AUSTIN, —Texas gave birth to the modern oil industry, invented the handheld calculator and sent man to the moon. But can the Lone Star State cure cancer?
Texas is ready to try by investing $3 billion over the next decade in cancer research and prevention, which would make the state the gatekeeper of the second largest pot of cancer research dollars in the country, behind only the National Cancer Institute.
"I don't know anyone that would stand shoulder-to-shoulder with what they're trying to do," said Robert Urban, executive director of the Koch Institute for Innovative Cancer Research at MIT.
That impression is what Texas leaders sought in 2007, when the state created the Cancer Prevention and Research Institute of Texas through an ambitious bond measure approved by voters. Lance Armstrong, champion cyclist and cancer survivor, sold the plan to voters, and Gov. Rick Perry said he dreamed of a day "we talk about cancer the same way we talk about polio."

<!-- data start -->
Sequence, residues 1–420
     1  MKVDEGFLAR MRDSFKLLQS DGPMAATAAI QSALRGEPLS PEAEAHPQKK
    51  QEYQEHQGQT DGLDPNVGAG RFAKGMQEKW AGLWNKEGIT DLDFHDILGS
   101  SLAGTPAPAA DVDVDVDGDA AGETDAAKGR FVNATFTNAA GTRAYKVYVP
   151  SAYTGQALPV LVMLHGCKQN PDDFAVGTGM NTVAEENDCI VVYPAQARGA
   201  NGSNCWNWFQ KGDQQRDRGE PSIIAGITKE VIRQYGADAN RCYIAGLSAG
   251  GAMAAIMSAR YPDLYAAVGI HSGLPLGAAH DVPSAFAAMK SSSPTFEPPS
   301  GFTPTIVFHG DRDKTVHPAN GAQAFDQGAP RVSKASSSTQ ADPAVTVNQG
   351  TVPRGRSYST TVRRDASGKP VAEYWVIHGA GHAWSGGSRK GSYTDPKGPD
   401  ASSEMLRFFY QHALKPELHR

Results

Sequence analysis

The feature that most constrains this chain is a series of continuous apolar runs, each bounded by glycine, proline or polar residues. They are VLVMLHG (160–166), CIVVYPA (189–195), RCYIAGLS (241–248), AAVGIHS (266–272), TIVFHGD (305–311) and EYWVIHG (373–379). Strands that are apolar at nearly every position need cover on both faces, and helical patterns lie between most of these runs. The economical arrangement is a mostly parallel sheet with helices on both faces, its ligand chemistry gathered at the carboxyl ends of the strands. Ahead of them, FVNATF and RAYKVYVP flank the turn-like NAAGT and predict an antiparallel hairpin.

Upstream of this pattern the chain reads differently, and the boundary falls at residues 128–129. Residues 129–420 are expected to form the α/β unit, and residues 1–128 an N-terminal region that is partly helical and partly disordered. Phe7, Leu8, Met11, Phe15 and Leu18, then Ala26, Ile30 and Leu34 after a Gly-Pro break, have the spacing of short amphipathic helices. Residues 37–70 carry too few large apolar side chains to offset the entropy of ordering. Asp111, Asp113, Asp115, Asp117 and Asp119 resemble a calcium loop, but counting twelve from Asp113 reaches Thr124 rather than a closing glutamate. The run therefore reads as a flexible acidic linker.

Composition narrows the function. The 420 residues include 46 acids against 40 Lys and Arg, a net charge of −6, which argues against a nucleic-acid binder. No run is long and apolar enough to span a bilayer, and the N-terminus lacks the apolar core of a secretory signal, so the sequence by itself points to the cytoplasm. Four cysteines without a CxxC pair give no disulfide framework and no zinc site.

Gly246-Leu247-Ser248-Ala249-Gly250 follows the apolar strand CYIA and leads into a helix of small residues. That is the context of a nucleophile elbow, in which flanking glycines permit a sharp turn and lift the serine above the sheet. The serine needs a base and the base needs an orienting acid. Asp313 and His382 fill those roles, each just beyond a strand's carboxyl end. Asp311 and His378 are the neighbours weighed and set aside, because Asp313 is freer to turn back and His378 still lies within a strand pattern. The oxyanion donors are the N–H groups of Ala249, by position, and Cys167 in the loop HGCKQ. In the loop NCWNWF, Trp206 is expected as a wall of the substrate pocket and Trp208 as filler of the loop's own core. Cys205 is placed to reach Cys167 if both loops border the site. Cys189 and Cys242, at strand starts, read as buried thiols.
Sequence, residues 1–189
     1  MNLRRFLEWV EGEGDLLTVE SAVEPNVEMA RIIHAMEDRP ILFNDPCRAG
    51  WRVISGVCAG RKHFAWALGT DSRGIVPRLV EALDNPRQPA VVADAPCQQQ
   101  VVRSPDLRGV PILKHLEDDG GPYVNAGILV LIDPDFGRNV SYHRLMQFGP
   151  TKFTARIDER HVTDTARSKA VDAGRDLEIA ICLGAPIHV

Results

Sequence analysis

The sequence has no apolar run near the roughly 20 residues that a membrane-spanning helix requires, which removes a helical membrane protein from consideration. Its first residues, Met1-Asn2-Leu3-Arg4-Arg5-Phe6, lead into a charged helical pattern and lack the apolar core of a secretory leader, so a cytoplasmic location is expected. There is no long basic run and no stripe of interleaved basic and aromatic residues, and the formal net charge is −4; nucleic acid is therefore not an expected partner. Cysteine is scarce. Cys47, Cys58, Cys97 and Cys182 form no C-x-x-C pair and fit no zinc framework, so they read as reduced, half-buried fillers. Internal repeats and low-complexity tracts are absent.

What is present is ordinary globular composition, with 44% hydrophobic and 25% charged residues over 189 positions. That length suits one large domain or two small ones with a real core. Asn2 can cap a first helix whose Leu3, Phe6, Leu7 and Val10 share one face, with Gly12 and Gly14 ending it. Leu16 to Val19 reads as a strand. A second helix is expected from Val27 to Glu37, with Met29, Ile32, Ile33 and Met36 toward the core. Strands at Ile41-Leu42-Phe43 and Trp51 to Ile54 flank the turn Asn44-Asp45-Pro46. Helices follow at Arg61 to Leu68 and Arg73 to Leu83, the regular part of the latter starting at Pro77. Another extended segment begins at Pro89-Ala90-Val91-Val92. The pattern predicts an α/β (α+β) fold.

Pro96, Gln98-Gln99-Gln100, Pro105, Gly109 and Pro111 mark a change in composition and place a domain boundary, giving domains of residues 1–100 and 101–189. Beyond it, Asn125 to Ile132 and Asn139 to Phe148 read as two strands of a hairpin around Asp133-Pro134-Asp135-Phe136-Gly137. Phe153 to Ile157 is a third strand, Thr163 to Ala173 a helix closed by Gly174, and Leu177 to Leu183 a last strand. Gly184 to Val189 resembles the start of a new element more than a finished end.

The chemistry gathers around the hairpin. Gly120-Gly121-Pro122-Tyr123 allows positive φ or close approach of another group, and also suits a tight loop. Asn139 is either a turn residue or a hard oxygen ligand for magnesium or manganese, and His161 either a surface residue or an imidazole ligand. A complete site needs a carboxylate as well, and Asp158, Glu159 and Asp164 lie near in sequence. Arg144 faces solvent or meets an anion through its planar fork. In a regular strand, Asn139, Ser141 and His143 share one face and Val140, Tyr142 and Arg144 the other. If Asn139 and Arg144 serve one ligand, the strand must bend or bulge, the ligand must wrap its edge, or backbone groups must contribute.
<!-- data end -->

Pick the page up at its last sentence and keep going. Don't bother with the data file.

Never miss a local story.
Texas is now putting out the call to scientists: Come and get the money.
Institute leaders say the money will fund drug developments, gamble on high-risk research turned away elsewhere and attract big-name scientists to Texas. Creating the first statewide clinical trial network, which could give cancer patients more access to experimental drugs, also is being discussed.
But so much money on the table — particularly in the hands of a state that's new to funding cancer research — has some researchers worried that politics and backroom deals will play a role in deciding who gets what. The agency will invest upward of $260 million a year on cancer research and $30 million in preventive services such as early detection screenings.
A sagging economy also makes some skittish about whether the state will follow through with funding for an entire decade.
"That $3 billion isn't in the bank," said Tyler Curiel, executive director of the Cancer Therapy & Research Center at the University of Texas Health Science Center at San Antonio. "What if the money isn't going to be there in the future?"
Curiel is among the hundreds of researchers who began writing applications last month for a slice of the $450 million Texas will hand out over the first two years. The first grants are expected to be awarded by spring.